Spaniards who oppose the monarchy here are not making a personal protest about Filipe who is seen by most as a safe pair of hands to head the country. The same cannot be said for Britain where Charles is viewed by many as eccentric bordering on dangerous.
HIs latest venture is to try an convince people to buy articles made of wool rather than those made from synthetic fibres. Charles is concerned that sheep farmers are committing suicide because their livelihoods are dwindling. Some would say his flock of Welsh Lleyn sheep at Highgrove means he has a vested interest in the subject but of course Charles is thinking more of our welfare than his own interests.
To prove his case, Charles has set up an experiment at Clarence House where he will set fire to duvets, jackets and carpets to prove that wool is safer than other materials. He also plans to bury a wool jersey along with a synthetic one. After four months, both will be dug up to show that wool rots safely into the ground whereas synthetic fibres remain intact.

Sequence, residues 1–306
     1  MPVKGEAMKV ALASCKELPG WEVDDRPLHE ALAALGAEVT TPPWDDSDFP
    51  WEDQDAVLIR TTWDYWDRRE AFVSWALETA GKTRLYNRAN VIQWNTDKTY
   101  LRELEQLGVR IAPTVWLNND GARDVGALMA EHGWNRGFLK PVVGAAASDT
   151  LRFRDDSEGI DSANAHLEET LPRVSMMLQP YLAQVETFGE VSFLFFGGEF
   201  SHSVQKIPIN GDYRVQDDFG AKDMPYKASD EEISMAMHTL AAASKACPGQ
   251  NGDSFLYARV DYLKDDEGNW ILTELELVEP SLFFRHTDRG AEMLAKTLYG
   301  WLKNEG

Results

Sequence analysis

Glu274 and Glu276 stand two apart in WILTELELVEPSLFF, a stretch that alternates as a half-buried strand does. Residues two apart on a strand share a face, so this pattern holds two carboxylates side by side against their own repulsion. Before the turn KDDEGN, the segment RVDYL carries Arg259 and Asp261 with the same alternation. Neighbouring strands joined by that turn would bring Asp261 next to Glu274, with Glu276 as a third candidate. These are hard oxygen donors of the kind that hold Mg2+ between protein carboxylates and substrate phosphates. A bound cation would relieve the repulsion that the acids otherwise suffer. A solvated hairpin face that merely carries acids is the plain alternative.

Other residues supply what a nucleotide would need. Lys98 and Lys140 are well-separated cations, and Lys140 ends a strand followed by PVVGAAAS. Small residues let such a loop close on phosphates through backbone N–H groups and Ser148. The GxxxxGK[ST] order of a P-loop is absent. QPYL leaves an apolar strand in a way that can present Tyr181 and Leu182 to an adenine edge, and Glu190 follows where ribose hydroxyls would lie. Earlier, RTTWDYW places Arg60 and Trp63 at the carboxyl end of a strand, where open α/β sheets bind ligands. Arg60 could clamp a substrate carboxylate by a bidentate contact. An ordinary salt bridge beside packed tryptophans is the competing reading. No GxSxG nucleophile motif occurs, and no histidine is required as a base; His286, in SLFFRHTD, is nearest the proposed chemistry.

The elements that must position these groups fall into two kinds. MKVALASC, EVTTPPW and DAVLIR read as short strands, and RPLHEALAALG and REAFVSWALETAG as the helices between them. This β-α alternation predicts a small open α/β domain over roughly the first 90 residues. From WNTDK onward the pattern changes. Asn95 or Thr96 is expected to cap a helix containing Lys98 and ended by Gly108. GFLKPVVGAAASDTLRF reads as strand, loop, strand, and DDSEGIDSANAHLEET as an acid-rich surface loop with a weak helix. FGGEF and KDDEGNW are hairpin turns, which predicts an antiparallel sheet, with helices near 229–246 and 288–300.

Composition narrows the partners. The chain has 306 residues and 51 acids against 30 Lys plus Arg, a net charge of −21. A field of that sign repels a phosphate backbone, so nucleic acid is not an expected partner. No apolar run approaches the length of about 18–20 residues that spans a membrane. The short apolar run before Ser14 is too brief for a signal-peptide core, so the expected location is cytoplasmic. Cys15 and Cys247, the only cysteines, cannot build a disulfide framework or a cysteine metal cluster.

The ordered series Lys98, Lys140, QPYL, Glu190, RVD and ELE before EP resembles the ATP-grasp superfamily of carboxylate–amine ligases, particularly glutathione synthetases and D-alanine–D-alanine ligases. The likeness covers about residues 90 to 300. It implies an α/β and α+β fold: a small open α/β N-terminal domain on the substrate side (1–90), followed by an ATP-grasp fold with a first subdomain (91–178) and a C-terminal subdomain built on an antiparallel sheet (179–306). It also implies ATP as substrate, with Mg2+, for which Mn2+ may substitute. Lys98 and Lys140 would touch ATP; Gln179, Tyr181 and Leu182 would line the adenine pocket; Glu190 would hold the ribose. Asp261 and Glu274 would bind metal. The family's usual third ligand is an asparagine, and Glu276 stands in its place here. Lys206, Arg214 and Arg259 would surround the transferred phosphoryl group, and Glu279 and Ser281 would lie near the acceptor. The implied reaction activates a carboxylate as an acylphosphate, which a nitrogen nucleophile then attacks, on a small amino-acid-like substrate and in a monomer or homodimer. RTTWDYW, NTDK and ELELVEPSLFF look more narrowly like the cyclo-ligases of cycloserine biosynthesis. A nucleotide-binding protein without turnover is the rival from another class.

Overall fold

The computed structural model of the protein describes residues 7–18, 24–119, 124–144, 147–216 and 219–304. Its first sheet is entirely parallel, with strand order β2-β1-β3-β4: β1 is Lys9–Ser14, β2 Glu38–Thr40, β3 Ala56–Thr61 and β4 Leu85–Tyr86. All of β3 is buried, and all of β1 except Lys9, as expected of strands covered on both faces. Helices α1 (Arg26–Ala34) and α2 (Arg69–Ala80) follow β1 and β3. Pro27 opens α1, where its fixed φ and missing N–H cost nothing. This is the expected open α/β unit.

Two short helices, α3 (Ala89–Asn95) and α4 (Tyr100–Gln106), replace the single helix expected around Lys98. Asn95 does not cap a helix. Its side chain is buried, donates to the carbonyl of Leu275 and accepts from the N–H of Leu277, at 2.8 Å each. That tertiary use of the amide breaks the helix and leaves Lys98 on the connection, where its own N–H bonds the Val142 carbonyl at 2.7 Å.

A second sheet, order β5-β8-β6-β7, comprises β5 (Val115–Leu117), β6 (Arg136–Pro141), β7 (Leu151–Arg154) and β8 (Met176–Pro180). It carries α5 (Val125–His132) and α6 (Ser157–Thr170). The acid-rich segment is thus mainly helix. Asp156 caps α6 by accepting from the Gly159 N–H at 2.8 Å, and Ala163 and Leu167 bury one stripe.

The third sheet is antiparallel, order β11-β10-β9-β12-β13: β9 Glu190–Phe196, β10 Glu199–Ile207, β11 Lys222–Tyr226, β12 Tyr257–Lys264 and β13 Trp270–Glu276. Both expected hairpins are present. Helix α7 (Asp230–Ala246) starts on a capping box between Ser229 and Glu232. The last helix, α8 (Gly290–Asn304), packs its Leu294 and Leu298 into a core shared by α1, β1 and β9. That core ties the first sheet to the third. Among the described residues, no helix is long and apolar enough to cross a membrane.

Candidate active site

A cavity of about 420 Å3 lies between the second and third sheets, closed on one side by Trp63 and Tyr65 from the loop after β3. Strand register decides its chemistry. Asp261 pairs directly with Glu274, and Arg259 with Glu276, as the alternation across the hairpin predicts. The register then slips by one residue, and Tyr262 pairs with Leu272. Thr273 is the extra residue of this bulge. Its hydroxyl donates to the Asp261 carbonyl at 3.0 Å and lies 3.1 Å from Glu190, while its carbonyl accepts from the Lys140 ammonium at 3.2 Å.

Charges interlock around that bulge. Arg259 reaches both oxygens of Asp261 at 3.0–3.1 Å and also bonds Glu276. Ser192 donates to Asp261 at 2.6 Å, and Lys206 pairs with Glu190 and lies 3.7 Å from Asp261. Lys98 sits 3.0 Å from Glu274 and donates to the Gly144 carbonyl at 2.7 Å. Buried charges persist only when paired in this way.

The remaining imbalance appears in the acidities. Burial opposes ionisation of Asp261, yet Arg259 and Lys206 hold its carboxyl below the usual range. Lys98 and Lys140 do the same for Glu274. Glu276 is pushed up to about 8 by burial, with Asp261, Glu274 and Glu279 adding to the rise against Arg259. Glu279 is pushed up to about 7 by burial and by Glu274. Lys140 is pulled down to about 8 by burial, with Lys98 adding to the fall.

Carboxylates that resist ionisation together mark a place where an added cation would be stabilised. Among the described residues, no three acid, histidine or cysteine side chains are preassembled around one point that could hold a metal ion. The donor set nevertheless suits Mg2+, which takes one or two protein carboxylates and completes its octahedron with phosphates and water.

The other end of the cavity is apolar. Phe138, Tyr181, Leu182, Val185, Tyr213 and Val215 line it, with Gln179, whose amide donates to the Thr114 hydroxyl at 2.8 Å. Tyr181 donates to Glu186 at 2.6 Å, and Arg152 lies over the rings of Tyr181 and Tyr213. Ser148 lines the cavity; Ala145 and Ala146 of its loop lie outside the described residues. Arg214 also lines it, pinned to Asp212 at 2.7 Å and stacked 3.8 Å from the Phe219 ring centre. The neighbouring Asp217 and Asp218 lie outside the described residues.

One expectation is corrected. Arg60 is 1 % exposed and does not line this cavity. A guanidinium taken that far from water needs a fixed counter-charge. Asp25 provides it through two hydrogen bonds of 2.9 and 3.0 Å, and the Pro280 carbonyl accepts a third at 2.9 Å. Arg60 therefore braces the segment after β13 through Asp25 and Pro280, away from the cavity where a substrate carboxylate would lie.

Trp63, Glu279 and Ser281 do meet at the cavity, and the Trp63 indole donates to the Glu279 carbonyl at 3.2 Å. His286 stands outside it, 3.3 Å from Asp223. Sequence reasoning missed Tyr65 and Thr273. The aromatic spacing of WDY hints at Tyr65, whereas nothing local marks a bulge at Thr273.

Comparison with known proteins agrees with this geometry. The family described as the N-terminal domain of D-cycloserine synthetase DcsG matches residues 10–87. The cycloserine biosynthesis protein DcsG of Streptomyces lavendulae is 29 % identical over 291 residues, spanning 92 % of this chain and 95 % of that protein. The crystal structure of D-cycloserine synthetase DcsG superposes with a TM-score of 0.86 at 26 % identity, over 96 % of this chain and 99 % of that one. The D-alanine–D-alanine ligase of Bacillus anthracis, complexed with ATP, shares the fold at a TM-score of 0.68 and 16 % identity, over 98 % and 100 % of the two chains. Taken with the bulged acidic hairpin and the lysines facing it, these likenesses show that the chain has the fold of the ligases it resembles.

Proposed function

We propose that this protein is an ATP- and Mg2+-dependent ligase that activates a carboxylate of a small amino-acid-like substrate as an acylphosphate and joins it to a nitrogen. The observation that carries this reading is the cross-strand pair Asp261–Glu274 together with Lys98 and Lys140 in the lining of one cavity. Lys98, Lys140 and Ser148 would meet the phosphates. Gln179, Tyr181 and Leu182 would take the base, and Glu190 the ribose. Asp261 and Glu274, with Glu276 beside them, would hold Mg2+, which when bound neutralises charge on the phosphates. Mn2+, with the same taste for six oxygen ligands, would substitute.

The aim of all this is to convince us to buy products made from wool which is fine except for the fact that wool is a lot more expensive than the alternatives. It is also surpassed by man made fibres for many purposes – for example wool readily absorbs moisture and becomes heavy as anyone who has worn a wool coat in the rain can testify.
Like he did for his other causes, Charles has become patron of an international campaign for wool. In his bid to make wool fashionable he is trying to enlist designers like Vivienne Westwood and High Street stores such as Jigsaw and Marks & Spencer by inviting them to his bonfire.
Promoting wool is not a bad idea but is it the sort of thing we expect a monarch in waiting to be engaged in. Next he will be telling us to only eat expensive, organically grown vegetables – wait a minute – he has already done that! As heir apparent we can choose to ignore his eccentric notions but as king it would be a different matter altogether.